NEW YORK – The Washington University School of Medicine in St. Louis on Friday said it has received a $17 million grant from the National Cancer Institute's Cancer Moonshot program to study the genetic underpinnings of colorectal cancer, multiple myeloma, and cholangiocarcinoma, with a special focus on improving the diversity of research participants.
The aim of the recently funded project underway at the Washington University Participant Engagement and Cancer Genomic Sequencing Center is to improve the inclusion of underrepresented groups in rare, understudied cancers. The colorectal cancer and multiple myeloma studies will focus specifically on improving inclusion of African Americans, while the study on cholangiocarcinoma is about improving understanding of the genomics of a rare bile duct cancer regardless of race.
WUSTL researchers will enroll 300 patients with each type of cancer, sequence these patients' genomes, and compare the data to the genome sequences from healthy individuals. Li Ding, director of computational biology for oncology and a professor of medicine and genetics at Washington University, will lead genome sequencing efforts within the project, and conduct single-cell, protein, and imaging analyses of patients' tumors. The findings, researchers hope, will advance knowledge of how these tumors form and how best to treat them.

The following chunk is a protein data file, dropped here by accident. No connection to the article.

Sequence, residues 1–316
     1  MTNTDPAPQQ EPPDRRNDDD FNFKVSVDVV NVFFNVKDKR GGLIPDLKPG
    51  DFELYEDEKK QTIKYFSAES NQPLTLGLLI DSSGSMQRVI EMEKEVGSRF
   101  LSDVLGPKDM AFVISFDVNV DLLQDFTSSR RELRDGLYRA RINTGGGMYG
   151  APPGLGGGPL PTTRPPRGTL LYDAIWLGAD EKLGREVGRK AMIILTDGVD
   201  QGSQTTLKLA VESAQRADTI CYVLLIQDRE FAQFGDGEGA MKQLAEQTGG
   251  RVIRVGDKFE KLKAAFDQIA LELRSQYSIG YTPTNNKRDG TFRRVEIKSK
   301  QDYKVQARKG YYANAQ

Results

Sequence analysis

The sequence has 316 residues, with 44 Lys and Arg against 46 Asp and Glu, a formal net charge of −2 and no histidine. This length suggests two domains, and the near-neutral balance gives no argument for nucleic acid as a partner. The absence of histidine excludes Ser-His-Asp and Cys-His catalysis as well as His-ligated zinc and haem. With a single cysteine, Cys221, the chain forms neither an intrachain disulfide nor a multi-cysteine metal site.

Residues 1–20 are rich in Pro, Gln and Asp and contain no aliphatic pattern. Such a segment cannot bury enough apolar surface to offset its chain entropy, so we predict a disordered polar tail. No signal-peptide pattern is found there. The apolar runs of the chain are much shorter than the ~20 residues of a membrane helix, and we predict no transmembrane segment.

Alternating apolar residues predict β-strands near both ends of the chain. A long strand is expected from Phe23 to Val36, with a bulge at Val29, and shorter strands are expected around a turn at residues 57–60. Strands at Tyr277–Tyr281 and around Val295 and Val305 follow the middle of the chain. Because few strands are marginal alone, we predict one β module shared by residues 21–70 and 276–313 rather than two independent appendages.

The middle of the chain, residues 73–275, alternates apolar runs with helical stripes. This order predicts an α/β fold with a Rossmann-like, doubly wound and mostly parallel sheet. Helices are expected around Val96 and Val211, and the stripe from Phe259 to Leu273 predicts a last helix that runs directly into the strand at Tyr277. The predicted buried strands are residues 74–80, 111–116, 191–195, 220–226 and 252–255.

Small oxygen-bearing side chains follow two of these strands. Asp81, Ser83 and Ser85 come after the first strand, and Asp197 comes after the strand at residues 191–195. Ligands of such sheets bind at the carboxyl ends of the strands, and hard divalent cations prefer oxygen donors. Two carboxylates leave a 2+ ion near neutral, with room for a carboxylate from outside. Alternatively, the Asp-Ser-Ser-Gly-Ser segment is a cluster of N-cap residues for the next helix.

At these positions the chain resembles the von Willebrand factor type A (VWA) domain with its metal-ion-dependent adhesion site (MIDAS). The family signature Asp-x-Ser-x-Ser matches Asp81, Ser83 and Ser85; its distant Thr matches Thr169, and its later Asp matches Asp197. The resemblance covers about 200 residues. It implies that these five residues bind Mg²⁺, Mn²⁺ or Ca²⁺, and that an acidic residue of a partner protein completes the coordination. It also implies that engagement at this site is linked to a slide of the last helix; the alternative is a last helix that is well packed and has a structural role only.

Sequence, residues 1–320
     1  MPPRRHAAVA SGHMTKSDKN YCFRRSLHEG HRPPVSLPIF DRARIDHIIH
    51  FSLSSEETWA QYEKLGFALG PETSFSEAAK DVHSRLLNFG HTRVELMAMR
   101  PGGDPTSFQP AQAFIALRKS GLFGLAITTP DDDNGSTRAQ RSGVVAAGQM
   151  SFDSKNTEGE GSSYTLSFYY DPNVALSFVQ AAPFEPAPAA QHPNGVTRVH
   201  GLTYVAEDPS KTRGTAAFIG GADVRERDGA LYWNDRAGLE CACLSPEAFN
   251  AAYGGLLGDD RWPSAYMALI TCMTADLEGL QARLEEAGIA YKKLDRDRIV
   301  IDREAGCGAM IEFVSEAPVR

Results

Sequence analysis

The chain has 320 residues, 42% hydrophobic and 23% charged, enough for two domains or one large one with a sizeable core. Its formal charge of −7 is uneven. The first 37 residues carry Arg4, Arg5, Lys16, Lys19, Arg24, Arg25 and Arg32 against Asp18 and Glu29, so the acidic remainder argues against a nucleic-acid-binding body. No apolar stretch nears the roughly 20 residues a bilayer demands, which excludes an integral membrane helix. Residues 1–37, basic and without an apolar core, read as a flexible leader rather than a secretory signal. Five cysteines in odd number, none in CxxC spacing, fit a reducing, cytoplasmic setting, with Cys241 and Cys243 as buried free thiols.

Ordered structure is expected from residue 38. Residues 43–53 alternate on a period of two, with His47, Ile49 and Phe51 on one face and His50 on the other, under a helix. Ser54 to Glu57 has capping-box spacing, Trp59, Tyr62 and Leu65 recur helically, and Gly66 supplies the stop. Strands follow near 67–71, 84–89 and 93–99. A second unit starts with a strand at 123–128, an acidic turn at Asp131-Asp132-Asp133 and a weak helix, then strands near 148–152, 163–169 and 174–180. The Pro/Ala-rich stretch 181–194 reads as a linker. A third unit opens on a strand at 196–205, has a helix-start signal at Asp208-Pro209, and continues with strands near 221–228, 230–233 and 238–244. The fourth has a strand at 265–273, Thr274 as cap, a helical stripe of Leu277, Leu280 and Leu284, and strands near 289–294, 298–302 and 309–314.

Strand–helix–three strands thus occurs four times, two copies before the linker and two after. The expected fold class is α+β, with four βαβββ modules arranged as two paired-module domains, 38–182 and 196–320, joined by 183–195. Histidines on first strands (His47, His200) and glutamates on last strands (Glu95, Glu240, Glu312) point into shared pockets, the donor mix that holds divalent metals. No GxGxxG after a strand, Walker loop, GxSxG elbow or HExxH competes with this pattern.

Ryan Fields, a surgical oncologist at the university, will lead efforts to identify patients with the three cancer types who are interested in participating in research. A patient engagement advisory board, which includes members from the patient advocacy and rare disease community, will help with enrollment efforts and study design.
Bettina Drake, associate director of community outreach and engagement at the Siteman Cancer Center at Barnes-Jewish Hospital and Washington University School of Medicine, will seek to understand why some patients agree to partake in research and others don't, as well as participants' concerns, values, and the types of information they want to learn by having their tumors sequenced. Researchers will use a web-based tool called Genomics Adviser to educate patients about genomics research and collect information on their preferences.
"When we look at cancer genomic studies, most of the participants have been white male patients, so a lot of the treatment decisions we make are based on that data, and it may not be applicable to women and people of color," said Fields, co-leader of the Solid Tumor Therapeutics Program at Siteman Cancer Center. "We're hoping this project can begin to address some of these disparities."